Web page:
I told the story of a girl who was lost and molested, flirting with boys because she had been tempted by the devil to tempt and recruit others. A girl who was treated with kindness by strangers of a small community church and invited to see the light. To accept Jesus into her heart. A girl who was on the cusp of womanhood, a dangerous precipice, who had been welcome in the arms of God always only she hadn’t seen, hadn’t known. Not until the strangers of the church, who were no longer strangers but now family, had showed her. Had saved her. 

I was properly impressed by my lie and handed it over to grownups with a manufactured timidness. 

My words hit home. I had given them what they wanted. There were grateful tears, blessings and nods of self-approval.  They had done it. 

I was proud. I got to show off my writing skills while they got to pat themselves on their righteous backs. 

I hadn’t expected or wanted, however, the next request.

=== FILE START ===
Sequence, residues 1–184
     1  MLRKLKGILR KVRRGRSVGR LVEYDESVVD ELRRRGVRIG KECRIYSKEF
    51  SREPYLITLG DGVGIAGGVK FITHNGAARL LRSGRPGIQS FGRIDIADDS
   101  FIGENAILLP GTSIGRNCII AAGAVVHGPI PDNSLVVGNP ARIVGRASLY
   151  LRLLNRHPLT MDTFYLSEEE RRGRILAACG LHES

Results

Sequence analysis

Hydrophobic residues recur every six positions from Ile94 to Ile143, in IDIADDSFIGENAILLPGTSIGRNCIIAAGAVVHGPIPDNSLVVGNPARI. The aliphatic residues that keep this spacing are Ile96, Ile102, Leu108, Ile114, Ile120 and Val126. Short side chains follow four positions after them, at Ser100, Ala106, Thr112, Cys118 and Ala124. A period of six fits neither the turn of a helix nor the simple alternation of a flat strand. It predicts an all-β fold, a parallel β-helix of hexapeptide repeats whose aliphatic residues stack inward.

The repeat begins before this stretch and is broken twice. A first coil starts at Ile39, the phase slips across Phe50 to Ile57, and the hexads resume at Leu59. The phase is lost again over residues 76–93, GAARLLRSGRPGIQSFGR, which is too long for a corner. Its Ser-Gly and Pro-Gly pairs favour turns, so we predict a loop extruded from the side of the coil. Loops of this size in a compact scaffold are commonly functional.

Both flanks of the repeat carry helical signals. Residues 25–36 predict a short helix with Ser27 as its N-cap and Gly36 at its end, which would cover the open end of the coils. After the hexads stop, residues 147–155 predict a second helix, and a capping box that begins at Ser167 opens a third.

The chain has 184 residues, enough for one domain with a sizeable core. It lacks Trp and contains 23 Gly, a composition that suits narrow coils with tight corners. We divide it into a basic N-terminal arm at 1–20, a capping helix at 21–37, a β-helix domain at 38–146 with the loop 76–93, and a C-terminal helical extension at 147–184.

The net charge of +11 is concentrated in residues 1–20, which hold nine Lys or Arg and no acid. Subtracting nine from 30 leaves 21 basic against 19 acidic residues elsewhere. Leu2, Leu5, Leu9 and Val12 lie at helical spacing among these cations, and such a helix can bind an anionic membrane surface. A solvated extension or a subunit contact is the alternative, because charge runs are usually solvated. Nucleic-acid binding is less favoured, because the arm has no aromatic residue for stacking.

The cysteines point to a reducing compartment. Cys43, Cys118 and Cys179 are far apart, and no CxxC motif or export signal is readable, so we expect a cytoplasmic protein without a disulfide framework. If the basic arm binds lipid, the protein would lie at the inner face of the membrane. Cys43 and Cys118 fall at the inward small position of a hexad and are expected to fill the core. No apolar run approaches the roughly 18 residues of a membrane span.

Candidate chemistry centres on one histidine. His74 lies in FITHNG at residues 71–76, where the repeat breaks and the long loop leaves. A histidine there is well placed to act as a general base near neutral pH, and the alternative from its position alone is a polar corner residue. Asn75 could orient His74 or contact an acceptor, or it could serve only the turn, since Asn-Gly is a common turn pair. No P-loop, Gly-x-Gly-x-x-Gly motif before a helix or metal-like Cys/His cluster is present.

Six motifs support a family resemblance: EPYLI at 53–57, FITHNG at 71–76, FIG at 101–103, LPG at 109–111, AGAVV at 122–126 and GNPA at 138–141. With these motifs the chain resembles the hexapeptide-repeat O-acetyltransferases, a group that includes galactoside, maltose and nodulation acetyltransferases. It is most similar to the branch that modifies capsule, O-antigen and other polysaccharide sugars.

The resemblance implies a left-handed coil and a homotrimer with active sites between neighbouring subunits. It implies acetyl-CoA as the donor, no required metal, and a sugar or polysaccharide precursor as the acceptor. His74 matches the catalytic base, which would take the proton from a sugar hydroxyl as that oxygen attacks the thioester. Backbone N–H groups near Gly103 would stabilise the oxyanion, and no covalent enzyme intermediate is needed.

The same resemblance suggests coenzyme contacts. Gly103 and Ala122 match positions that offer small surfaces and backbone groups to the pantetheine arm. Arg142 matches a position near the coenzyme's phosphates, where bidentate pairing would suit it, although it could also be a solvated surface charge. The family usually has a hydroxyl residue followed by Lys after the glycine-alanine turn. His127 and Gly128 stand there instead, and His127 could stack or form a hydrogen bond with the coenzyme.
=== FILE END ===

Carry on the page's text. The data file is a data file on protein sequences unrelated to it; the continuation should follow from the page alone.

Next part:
What good was saving one soul if only they knew about it? Why not put that soul on display, an example for others and proof of their insistent good work. Why not invite people to hear this saved soul read her words out loud?


I stepped up on the small stage that was barely a stage and pretended to look out at the crowd. There was a wooden podium beside me and I used all of my skills as a liar and storyteller to imagine it was my mom. My mom, who was out in the world helping children by adopting them, fighting for them, rearranging her life and everything she thought to be true for them. My mom, who didn’t judge and tsk, but who took loving action. 

I looked at the words I had written and with a trembling voice, I read my lie.